Pain and suffering are the hardest parts of an injury to explain. If you have been injured due to another person’s carelessness or negligence, it is easy to explain that your leg was broken, but getting someone else to understand the way your leg hurts or the specific feelings of confusion and anger you have because of the accident and the time you must spend in the hospital is more difficult.
Pain and suffering are still part of your accident claim. Even if these things are harder to explain, you’re entitled to be compensated for the harm that’s been done to you.
Pain and Suffering Defined
“Pain and suffering” is a phrase that refers to the intangible mental losses you suffer because of your accidental injury. These losses don’t come with a specific price tag. The cost of x-raying and setting your broken leg can be tallied, but the pain you feel while waiting for it to heal is different.
When pain affects the rest of your life, it also becomes part of your compensation. For instance, while you’re waiting for your leg to heal, you may be unable to work. The lost wages are considered an economic loss (there is a dollar value), but the changes to your life because of your inability to work are a non-economic loss (loss of contact with co-workers, for instance), and you are entitled to compensation for that as well.
Documenting Pain and Suffering
Unfortunately, there is no way to measure “pain and suffering” on a scale and award compensation accordingly. Some people shrug off physical pain but suffer psychological pain over any kind of loss. Others can experience severe personal loss without difficulty but can’t stand going to the dentist. Because it is entirely subjective, proving “pain and suffering” can be difficult.
The best way to document the degree of your pain and suffering is to provide as much documentation as possible. There are ways to present your case clearly and help show the degree of pain and suffering even without a medical scale.
- Daily journal. This should detail everything that goes on throughout your day and how your injury affects your life. You should be as specific as possible when documenting your routine. Instead of saying your leg hurt, say “sharp stabbing pain, seven on a scale of one through ten, unable to stand up without assistance.” Write down whether medication helps and how much or how little.
- Psychological journal. If you are experiencing psychological effects from your injury, note them in your journal. PTSD is a real and serious effect of severe injury, and you should keep track of any nightmares or anxiety you may be experiencing. If you find you are suffering from depression or other disorders following the accident, you should mention this and seek treatment. Again, be as specific as you can.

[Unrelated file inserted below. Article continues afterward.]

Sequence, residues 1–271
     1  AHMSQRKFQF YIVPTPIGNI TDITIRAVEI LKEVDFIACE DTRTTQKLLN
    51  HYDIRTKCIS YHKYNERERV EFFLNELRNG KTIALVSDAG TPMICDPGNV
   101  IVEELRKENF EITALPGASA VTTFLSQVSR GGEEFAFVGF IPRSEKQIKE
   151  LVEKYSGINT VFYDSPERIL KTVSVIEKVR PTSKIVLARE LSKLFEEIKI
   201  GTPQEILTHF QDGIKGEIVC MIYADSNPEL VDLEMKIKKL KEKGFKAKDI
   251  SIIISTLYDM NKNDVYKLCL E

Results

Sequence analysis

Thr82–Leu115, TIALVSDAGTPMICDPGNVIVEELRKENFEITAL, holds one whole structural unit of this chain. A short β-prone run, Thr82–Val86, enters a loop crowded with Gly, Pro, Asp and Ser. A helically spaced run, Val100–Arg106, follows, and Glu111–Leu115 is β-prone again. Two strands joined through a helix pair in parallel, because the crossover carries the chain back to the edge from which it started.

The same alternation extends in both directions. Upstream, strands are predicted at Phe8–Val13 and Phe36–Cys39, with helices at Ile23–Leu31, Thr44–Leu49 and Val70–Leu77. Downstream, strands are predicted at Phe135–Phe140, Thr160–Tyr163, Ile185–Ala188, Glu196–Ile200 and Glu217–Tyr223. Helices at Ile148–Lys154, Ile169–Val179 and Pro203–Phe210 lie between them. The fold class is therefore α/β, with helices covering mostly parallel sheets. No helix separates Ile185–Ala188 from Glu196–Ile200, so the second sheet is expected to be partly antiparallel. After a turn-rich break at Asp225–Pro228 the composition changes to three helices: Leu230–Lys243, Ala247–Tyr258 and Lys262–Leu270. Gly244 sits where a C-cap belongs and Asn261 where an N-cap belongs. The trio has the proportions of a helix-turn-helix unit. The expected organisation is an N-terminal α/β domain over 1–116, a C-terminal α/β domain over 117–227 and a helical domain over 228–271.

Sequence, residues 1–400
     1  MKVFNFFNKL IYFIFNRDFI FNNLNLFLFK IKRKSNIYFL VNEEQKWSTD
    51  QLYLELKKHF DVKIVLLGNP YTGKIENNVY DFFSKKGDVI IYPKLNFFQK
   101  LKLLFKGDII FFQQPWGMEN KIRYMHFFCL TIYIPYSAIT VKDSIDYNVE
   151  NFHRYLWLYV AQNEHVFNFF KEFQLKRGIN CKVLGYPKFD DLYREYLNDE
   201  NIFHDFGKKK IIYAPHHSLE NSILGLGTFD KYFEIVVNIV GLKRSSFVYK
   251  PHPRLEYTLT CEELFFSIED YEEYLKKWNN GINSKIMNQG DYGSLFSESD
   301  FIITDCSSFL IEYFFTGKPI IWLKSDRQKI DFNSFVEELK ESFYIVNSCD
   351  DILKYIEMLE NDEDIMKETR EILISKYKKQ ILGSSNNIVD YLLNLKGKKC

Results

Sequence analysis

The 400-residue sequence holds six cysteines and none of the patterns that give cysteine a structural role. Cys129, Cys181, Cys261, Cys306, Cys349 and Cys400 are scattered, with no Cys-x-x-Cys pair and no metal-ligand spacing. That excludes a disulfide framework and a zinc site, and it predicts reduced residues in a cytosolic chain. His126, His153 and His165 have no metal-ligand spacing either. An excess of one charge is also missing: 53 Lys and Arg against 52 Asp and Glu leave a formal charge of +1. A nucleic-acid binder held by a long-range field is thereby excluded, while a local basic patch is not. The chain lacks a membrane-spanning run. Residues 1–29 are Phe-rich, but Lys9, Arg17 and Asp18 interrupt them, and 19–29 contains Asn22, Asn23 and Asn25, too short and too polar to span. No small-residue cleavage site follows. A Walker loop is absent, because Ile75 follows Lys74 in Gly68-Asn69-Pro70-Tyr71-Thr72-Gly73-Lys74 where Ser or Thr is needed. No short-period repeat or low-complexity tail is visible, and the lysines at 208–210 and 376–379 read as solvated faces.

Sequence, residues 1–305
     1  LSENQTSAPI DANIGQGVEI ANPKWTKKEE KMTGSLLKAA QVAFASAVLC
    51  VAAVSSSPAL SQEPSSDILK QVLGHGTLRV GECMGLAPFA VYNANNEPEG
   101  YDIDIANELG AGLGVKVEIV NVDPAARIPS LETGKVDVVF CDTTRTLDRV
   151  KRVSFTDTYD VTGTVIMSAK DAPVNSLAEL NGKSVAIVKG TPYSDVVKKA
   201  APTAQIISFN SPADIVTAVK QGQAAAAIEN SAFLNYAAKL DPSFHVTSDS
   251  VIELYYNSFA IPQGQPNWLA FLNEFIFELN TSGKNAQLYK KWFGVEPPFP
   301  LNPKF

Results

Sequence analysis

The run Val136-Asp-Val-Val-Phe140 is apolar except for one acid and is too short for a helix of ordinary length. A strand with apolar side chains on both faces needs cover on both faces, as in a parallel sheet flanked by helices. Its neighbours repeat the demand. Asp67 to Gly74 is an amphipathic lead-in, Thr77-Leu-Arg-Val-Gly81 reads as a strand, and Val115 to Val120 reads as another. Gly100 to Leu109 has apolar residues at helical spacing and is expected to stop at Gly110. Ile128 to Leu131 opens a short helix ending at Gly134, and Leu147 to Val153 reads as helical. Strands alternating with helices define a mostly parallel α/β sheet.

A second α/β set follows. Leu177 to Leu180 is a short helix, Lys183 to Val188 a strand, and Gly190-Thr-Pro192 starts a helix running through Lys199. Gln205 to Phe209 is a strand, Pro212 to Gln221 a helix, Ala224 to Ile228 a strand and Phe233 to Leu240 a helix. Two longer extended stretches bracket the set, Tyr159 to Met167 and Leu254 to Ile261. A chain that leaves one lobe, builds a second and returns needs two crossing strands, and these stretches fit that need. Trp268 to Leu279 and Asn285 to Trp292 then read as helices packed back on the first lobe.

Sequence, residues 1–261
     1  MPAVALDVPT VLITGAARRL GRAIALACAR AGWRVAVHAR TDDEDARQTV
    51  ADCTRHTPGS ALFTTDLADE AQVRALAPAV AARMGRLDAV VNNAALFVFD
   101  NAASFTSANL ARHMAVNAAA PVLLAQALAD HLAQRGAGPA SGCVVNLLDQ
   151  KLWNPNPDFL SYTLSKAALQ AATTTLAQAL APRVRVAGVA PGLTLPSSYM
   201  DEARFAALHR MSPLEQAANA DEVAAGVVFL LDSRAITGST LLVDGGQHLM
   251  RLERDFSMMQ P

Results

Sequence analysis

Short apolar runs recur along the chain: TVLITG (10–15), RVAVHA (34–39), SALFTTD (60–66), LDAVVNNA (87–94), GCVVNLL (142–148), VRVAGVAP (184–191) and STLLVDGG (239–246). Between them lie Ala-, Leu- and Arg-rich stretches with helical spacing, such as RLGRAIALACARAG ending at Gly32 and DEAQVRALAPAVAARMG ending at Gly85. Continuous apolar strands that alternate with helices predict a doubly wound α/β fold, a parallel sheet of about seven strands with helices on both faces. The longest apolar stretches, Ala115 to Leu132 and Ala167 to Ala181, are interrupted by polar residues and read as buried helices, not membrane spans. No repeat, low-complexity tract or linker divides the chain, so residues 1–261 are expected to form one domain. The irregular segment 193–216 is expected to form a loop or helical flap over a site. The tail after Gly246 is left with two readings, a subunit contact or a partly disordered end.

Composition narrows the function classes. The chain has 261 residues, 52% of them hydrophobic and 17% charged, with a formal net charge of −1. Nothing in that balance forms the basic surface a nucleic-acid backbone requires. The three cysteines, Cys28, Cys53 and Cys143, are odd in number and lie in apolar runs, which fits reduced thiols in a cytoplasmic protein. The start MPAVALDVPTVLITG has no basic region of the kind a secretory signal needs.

- Therapy records. If you are receiving physical therapy following the accident, your therapist should be keeping track of your progress. This progress can help show the impact the injury has had on your life and how things have changed since you started therapy. There is a tendency to think that once your bones have healed, you will be “back to normal.” Therapy records help show that this is not the case.
- Reports from friends and family. Getting statements from your friends and family about how you are versus how you were will show the daily effects of the injury on your life. Because pain and suffering is subjective, having your family describe how you are acting since the accident helps paint a picture of the way the accident has altered your lifestyle.
The purpose of these documents is not to exaggerate or dramatize your “pain and suffering.” To show a judge or jury the effect an injury has had on your life, you need to get out of the habit of saying “I’m fine” or “I feel okay” when asked about your injury. It will help to have this type of loss assessed by an attorney who has deep experience with personal injury cases in general and your type of injury in particular and knows how the insurance company and the courts might view this type of loss.
How We Can Help
Contact the Texas personal injury attorneys of Gibson Hill Personal Injury if you believe you have been injured due to another person’s carelessness or negligence and need advice on how to proceed. Our legal team can present your case to the insurance companies or to a judge and pursue the compensation you deserve for your physical and emotional pain and suffering.
Remember, you have a limited time to file a lawsuit in Texas. The statute of limitations allows two years from the date of the accident to file a personal injury lawsuit. Contact Gibson Hill Personal Injury at 512-580-8334 today. We’re waiting for your call and your initial consultation is free. We’re here to help.